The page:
Exploring Whether Collagen Powder Actually Works

Apr 09, 2021
10:00 P.M.
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Collagen is found in large quantities throughout the body; it’s involved in forming muscles, skin tissues, and even bone. Collagen supplements have become the new trend but has enough research been done to understand its benefits fully?

There are sixteen types of collagen in total, but the first four types of collagen I-IV are the main types that are present and responsible for structure, cushioning, and filtration in the body. It is a significant part of your connective tissues, which is what allows your skin and muscles the flexibility and elasticity to move.

As you age, collagen production in your body slows down, and the quality of existing collagen is inadequate; it shows in the loss of skin elasticity and cartilage degradation. Is the research sufficient to keep using it?

How Does Your Body Produce Collagen?

Photo by Park Street on Unsplash

Photo by Park Street on Unsplash

Proline is an amino acid found in foods like egg whites, dairy, and asparagus; another is glycine which is found in protein-rich foods, especially chicken and pork skin, as well as gelatin. Using vitamin C, these amino acids are combined to produce procollagen.

Procollagen is how all collagen starts off. This process is why we need protein-rich diets to help provide structural components for our skin and organs.

What Is Collagen Used For?



Collagen is supposed to provide and help your body improve bone density and nail strength so that you don’t have brittle nails or bones. A study shows that it may be effective in reducing joint pain as it improves joint flexibility.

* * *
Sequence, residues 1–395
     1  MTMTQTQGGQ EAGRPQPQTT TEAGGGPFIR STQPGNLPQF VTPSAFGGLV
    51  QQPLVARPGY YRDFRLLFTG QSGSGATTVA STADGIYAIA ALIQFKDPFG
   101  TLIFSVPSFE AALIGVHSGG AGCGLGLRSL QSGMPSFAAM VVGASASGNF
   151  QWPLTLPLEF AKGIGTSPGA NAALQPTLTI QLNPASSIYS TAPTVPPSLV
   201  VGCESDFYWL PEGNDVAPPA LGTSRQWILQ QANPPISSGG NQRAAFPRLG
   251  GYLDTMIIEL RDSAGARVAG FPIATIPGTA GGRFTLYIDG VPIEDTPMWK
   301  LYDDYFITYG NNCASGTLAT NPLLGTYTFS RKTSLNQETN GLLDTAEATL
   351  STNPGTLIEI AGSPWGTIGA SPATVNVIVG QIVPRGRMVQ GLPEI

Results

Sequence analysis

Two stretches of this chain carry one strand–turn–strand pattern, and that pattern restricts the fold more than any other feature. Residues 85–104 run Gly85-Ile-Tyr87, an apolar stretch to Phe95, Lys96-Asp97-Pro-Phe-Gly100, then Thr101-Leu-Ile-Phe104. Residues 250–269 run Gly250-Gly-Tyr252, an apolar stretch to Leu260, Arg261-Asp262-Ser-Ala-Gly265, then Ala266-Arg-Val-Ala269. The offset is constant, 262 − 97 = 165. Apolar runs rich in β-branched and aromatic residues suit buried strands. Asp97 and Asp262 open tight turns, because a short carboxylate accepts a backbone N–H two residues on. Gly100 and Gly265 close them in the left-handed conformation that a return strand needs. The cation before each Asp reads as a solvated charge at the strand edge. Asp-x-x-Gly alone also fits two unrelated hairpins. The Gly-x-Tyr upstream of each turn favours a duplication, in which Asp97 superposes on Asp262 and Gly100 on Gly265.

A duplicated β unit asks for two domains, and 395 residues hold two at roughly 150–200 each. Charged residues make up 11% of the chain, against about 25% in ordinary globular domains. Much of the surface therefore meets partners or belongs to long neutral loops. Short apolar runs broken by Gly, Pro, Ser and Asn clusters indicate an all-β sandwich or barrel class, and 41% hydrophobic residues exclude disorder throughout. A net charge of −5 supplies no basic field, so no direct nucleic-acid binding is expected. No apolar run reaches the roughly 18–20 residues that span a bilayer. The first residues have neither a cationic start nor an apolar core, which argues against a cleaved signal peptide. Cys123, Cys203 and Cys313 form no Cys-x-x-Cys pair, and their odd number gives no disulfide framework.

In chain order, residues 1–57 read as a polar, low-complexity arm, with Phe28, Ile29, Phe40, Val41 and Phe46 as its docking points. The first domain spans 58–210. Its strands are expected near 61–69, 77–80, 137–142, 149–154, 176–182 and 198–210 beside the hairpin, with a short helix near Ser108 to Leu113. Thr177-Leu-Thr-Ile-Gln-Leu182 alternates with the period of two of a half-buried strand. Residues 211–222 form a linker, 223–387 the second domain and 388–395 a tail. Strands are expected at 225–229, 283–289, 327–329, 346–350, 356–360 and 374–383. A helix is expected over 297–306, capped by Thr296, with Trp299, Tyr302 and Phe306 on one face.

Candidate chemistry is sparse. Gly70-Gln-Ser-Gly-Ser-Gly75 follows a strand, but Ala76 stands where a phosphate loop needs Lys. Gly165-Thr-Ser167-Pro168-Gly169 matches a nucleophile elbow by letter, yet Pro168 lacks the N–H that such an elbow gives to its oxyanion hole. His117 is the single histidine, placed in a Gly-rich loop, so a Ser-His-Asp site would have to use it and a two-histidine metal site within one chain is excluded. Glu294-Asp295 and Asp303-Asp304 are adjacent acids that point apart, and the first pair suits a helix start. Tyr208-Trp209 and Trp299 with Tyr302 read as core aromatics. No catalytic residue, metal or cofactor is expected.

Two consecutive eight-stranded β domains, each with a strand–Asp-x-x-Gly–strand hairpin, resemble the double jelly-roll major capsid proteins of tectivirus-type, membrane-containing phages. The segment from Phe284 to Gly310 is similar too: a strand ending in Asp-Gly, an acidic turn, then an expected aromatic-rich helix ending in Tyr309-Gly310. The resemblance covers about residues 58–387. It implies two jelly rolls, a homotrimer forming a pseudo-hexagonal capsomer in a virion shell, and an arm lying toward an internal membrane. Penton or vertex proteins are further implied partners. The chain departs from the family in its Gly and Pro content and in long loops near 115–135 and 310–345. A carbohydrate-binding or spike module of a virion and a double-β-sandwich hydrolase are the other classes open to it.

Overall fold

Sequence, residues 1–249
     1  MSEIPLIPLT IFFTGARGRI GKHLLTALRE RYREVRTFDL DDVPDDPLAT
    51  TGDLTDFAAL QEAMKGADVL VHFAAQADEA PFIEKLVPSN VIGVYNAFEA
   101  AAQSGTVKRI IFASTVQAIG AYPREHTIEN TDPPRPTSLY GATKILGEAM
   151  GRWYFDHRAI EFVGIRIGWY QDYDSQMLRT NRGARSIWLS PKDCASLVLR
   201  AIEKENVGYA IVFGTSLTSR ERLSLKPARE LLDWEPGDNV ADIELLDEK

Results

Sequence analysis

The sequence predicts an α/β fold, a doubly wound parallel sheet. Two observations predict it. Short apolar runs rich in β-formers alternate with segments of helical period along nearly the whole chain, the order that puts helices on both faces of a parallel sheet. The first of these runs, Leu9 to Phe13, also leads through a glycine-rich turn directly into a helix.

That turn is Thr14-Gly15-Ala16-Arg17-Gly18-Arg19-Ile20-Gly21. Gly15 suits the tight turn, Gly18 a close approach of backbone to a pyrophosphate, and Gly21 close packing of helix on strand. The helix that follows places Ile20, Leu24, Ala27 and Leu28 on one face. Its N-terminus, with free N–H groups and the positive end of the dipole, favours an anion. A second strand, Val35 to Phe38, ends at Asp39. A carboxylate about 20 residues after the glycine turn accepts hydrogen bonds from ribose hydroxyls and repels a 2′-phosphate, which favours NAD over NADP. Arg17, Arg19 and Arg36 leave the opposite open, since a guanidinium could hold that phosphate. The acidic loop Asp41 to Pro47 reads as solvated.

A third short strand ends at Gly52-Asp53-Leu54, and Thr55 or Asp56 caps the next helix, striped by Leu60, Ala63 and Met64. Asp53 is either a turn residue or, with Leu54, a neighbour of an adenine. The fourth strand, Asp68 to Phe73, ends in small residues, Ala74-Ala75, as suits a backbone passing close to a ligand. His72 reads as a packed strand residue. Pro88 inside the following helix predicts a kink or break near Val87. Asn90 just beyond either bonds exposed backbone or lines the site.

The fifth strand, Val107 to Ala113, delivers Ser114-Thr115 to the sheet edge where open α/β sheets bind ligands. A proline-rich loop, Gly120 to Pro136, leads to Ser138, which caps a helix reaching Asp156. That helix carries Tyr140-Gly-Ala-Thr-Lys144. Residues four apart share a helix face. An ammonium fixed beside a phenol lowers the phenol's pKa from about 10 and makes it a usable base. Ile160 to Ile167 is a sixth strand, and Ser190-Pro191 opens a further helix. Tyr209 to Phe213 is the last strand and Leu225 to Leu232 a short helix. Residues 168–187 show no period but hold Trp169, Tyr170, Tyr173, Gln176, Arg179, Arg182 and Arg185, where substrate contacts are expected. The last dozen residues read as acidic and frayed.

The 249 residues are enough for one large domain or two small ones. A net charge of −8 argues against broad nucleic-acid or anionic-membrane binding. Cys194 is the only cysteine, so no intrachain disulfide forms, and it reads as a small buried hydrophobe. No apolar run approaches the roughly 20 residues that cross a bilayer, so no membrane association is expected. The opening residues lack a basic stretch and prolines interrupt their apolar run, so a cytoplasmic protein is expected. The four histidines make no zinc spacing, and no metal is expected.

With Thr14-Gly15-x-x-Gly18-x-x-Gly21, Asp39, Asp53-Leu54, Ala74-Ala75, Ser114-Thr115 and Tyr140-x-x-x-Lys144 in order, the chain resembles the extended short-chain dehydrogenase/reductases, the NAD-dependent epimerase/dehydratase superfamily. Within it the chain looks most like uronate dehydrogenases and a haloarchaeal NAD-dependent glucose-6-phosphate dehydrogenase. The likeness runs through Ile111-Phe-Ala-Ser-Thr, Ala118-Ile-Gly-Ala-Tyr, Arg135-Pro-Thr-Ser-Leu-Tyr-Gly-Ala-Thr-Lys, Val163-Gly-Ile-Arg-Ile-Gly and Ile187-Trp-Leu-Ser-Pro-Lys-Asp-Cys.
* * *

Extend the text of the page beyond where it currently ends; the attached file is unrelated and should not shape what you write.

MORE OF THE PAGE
It’s supposed to keep your skin hydrated and improve elasticity to help combat conditions like stretch marks. Other claims include targeting hair loss and increases your muscle mass, which appeals to people who want to gain muscle at the gym!

Are Taking Collagen Supplements Effective?



Doctors remain skeptical about the effects of collagen on the body. There is insufficient evidence to prove that the collagen available on the market in the forms of powders and gummies contributes to collagen production.

Side effects of taking these supplements could result in metal poisonings from toxic metals like cadmium and allergic reactions to collagen sources. If your collagen production is not regulated, mad cow disease is a brain disease that you could contract from cows, which causes coordination and memory problems that can become fatal in a matter of months.

Because of the uncertainty, you might not want to spend your money on products that have such little research. A better option would be to include protein-rich foods that encourage collagen production instead of taking supplements.

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